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Columbia Business Monthly

French firm Capgemini hopes to draw Columbia’s tech-savvy finest to its BullStreet home

Nov 09, 2018 09:40AM ● By Nicole Satian

Photo by Burton Fowles

By Anne Creed

People may think they know why global tech giant Capgemini came to Columbia, but they would probably be wrong. 

After Capgemini’s acquisition of TCube Solutions, Sam and Sandy McGuckin’s insurance technology company that grew up through the University of South Carolina Technology Incubator, it seemed a given that TCube was the reason why the $15 billion French firm chose Columbia for its expansion. But the truth is that Columbia was already on the shortlist for Capgemini’s next expansion before the company bought TCube.

“We wanted a city that had a young population that was fueled by a flagship university like USC,” says Paul Naquin, Capgemini’s executive vice president of operations for North America. “We wanted a big airport, a favorable cost of living, IT wages where there wouldn’t be a lot of competition for talent, and we wanted to have a good relationship with local officials.

“Columbia was on our shortlist on its own merit. When the TCube acquisition happened at the last minute, it tilted the scales,” Naquin says. 

Capgemini expects to have 500 employees at their new BullStreet District offices. These employees will be hired in phases, and hiring has proceeded quickly, slowed only by the time it takes to complete space to put them in.  

Leading-edge Technology
Capgemini is a 200,000-employee, 50-year-old company based in Paris. “One-hundred thousand people are in India, and we do a lot of our development work offshore,” Naquin says. “With changing dynamics in the marketplace and changing skill requirements, we decided to look into doing more development options onshore, closer to our clients." Columbia is Capgemini's first Advanced Technology and Development Center; a second is now located in Chicago.

“Our goal is to put our most leading-edge technology in Columbia. Things like digital manufacturing, intelligent automation, cloud migration,,” Naquin says. 

Capgemini will also put a security operations center in Columbia. “We will monitor client networks 24/7 for uptime and cybersecurity,” Naquin adds. “It is the first security center that we know of in Columbia.” 

Attracted to Columbia’s Workforce
One of the things that attracted Capgemini to Columbia was the workforce. “We don’t sell assets. We don’t sell hardware. We are a service provider. We sell people,” Naquin says. “We are really in the relationship business.” 

That means that the people they hire need to not only have technical skills, but also to have good people skills. 

“We are going to be deliberate about the people we put in the center,” he says. “The way we win deals and the way we maintain clients is our people. No offense to the people in the Northeast or the West Coast, but there is a Southern charm and friendliness [in Columbia] that you don’t see everywhere else, and we want our clients to experience that. It has the potential to help us.”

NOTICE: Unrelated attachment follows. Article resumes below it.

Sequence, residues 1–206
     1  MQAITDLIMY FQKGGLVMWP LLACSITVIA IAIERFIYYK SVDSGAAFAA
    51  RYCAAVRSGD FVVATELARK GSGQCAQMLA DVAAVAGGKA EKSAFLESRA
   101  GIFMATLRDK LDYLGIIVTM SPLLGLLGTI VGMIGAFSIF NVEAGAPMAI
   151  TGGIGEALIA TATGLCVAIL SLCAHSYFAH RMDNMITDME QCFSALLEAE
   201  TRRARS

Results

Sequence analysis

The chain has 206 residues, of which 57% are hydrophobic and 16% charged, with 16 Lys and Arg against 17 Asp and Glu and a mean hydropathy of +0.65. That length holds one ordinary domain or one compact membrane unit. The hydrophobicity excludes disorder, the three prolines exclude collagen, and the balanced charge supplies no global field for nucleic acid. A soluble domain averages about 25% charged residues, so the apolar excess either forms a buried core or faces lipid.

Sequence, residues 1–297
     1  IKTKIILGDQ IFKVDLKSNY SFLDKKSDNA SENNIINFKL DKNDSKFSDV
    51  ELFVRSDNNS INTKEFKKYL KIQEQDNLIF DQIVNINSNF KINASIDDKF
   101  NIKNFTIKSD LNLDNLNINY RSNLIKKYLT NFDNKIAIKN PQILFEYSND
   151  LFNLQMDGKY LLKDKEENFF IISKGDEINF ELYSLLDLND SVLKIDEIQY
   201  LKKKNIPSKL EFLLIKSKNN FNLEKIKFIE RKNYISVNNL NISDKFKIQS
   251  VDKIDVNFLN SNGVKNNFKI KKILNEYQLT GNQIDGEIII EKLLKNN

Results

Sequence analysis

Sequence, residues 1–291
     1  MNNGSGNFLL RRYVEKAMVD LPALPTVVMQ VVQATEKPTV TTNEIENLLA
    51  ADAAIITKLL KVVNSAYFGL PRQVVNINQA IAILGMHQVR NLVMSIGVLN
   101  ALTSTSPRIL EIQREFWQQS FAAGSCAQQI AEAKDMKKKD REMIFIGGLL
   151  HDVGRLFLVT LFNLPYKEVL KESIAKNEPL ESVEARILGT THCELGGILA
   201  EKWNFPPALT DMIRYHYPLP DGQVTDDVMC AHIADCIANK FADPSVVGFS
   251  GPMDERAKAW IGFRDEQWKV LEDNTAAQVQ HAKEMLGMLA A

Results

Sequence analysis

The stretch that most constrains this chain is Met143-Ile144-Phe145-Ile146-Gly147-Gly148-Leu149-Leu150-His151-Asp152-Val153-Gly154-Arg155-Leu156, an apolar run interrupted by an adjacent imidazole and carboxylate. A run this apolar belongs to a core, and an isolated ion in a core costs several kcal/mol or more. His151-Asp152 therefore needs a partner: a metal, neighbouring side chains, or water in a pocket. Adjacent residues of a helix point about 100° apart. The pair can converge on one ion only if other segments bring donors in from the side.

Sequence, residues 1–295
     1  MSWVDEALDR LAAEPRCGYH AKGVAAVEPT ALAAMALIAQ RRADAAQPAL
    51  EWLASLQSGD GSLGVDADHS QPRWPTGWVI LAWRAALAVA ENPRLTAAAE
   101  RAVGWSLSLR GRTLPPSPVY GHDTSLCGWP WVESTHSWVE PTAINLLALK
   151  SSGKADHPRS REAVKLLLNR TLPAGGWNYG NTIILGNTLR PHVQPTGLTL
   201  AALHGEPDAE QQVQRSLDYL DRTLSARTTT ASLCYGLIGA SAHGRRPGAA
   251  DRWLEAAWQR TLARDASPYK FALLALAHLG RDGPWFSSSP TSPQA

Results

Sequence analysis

Capgemini was also attracted to Columbia’s workforce because of the willingness of USC and other institutions to work with them to create coursework that will prepare graduates to work in a changing field. 

One of the challenges that all technology companies face is that they develop talent only to have it hired away to another company in another city. Columbia’s workforce is attractive to them because people in Columbia tend to like to stay here and are loyal to the area. 

“We are looking for employees and students who want to stay in Columbia and put down roots here. We want people who want to be a part of the community,” he says.

Additionally, Capgemini was attracted to Columbia because of Fort Jackson and other nearby military facilities. “We also want to draw from the military bases, [hiring] people who are coming out of military life and their spouses,” says Naquin. He says Capgemini has already begun working with Ft. Jackson and Ft. Gordon because those potential employees “already have a lot of cybersecurity expertise.”

A Workspace That Encourages Employees to Stay
Capgemini chose to locate in the BullStreet District because “it’s a really great place,” Naquin says. “We’ve met with Bob and Robert Hughes (the developers) and they’ve got a vision. The campus needs some care, but we believe (in) what the Hughes guys are doing. 

“We know we are on the front end, and we believe that the critical mass will get there,” he says. The location is also highly desirable, only a mile from campus and the State House. 

Capgemini believes that the BullStreet District will appeal to its employees. “There is a ‘coolness’ factor. The space we have built is deliberate and purposeful. It is meant to generate teaming and creativity. For the people we are trying to hire, we want it to be fun,” Naquin says.

“There might be a dog there. You can wear shorts and sit in bean bag chairs. We want it to be a fun place where people want to hang out and stay. Where it’s fun to watch baseball or go to happy hour,” says Naquin. “It’s not going to be a place where you clock in and out.”

Bringing More Exposure to Columbia
Capgemini’s clients are in fields including life sciences, utilities, consumer products, entertainment, and media technology. 

“The good news is that the state and the city will have a regular cadence of Fortune 500 managers coming to Columbia,” he says. They’ll be staying in the city’s hotels, eating in the restaurants, and going to baseball games and other entertainment venues. 

Naquin says, “I tell the mayor and whoever will listen that you’re going to get more than the initial jobs (Capgemini) brings to the table.”